6.  Feedback Inhibition

7.  Internal Regulation of Enzyme Activity: Allosteric Regulation

8.  Structure of ATP

9.  Powering an Endergonic Reaction through ATP Hydrolysis: Active Transport via a Protein Pump


PowerPoint Presentations 

Chapter 6 Presentation (.pdf)


Reading Assignments and Homework

Please access the ConnectPlus site for Health Science Academy to access our reading assignments and homework.



1.  Here are a list of some common metabolic disorders from Medline Plus (retrieved 28 Aug 2010):


2.  Enzyme inhibitors are often used by pharmacia to manage the symptoms of many disorders.  Here is a summary article of drug design from Wikipedia (retrieved 28 Aug 2010).  This is a key section:


"Typically a drug target is a key molecule involved in a particular metabolic or signaling pathway that is specific to a disease condition or pathology, or to the infectivity or survival of a microbial pathogen. Some approaches attempt to inhibit the functioning of the pathway in the diseased state by causing a key molecule to stop functioning. Drugs may be designed that bind to the active region and inhibit this key molecule. Another approach may be to enhance the normal pathway by promoting specific molecules in the normal pathways that may have been affected in the diseased state. In addition, these drugs should also be designed in such a way as not to affect any other important "off-target" molecules or antitargets that may be similar in appearance to the target molecule, since drug interactions with off-target molecules may lead to undesirable side effects. Sequence homology is often used to identify such risks.  Most commonly, drugs are organic small molecules produced through chemical synthesis, but biopolymer-based drugs (also known as biologics) produced through biological processes are becoming increasingly more common. In addition mRNA based gene silencing technologies may have therapeutic applications."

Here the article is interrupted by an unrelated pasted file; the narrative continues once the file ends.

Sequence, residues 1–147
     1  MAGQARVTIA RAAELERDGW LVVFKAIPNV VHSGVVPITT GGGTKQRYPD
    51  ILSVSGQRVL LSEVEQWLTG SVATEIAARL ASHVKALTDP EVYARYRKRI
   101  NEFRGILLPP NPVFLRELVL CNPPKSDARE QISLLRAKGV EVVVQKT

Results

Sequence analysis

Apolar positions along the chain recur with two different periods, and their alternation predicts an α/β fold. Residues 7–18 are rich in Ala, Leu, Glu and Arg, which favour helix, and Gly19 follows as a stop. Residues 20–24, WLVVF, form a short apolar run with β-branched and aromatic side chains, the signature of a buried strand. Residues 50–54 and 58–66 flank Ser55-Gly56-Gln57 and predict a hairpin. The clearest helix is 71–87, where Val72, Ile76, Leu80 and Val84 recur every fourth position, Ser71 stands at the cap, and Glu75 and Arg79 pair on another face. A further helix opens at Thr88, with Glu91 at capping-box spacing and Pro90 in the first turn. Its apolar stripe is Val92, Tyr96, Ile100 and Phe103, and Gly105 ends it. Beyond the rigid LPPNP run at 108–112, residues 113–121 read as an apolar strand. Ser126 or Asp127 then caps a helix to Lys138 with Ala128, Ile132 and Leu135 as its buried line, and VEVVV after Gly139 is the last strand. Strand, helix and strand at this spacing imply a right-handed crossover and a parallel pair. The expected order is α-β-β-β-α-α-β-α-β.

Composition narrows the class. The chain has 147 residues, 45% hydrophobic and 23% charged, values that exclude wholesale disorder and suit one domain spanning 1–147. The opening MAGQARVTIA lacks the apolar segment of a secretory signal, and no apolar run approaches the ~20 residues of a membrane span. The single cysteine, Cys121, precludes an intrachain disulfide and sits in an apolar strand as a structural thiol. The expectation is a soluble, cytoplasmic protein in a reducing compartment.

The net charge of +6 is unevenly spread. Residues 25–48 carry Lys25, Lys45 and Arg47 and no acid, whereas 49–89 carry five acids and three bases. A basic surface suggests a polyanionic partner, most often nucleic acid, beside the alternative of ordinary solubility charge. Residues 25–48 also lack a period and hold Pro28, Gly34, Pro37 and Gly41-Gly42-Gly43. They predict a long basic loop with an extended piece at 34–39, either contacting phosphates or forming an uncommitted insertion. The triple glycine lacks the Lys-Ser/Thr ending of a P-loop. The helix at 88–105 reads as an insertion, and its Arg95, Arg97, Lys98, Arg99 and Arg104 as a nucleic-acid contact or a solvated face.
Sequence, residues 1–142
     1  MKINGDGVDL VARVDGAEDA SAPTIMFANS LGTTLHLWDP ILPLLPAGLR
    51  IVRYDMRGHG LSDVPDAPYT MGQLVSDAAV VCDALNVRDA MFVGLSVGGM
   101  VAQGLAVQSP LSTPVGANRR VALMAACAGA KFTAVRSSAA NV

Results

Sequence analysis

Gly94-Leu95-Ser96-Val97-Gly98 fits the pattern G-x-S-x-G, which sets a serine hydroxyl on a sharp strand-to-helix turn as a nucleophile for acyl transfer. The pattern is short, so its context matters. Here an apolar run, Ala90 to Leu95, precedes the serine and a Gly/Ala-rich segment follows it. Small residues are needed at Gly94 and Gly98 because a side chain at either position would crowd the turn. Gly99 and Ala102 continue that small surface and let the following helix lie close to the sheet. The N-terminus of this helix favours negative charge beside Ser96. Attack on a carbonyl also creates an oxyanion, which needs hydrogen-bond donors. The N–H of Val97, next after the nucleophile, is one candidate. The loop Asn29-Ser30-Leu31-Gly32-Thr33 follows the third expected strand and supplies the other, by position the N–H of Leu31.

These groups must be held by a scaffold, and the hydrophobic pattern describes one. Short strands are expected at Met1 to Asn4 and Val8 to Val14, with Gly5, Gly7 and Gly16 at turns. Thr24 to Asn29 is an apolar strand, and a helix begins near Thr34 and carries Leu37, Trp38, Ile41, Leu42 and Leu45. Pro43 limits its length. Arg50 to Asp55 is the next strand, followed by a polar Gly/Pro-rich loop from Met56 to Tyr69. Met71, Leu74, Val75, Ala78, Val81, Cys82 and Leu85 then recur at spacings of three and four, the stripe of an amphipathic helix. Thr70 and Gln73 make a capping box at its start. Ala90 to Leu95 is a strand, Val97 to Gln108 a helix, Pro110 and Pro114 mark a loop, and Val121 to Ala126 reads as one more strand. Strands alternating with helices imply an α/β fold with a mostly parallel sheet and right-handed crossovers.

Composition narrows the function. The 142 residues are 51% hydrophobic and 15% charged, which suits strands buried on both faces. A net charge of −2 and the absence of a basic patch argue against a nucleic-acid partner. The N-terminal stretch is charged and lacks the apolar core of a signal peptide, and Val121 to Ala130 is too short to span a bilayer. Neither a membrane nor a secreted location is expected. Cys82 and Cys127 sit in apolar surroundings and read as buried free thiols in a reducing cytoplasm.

An example of this application can be observed in this case study about the chemotherapeutic agent Gleevec.  This is an inhibitor of an important kinase enzyme that, when overactive, leads to a specific form of leukemia.   This exercise walks you through the process of designing drugs, in this case a cancer drug.  It really emphasizes much of what you learned this chapter.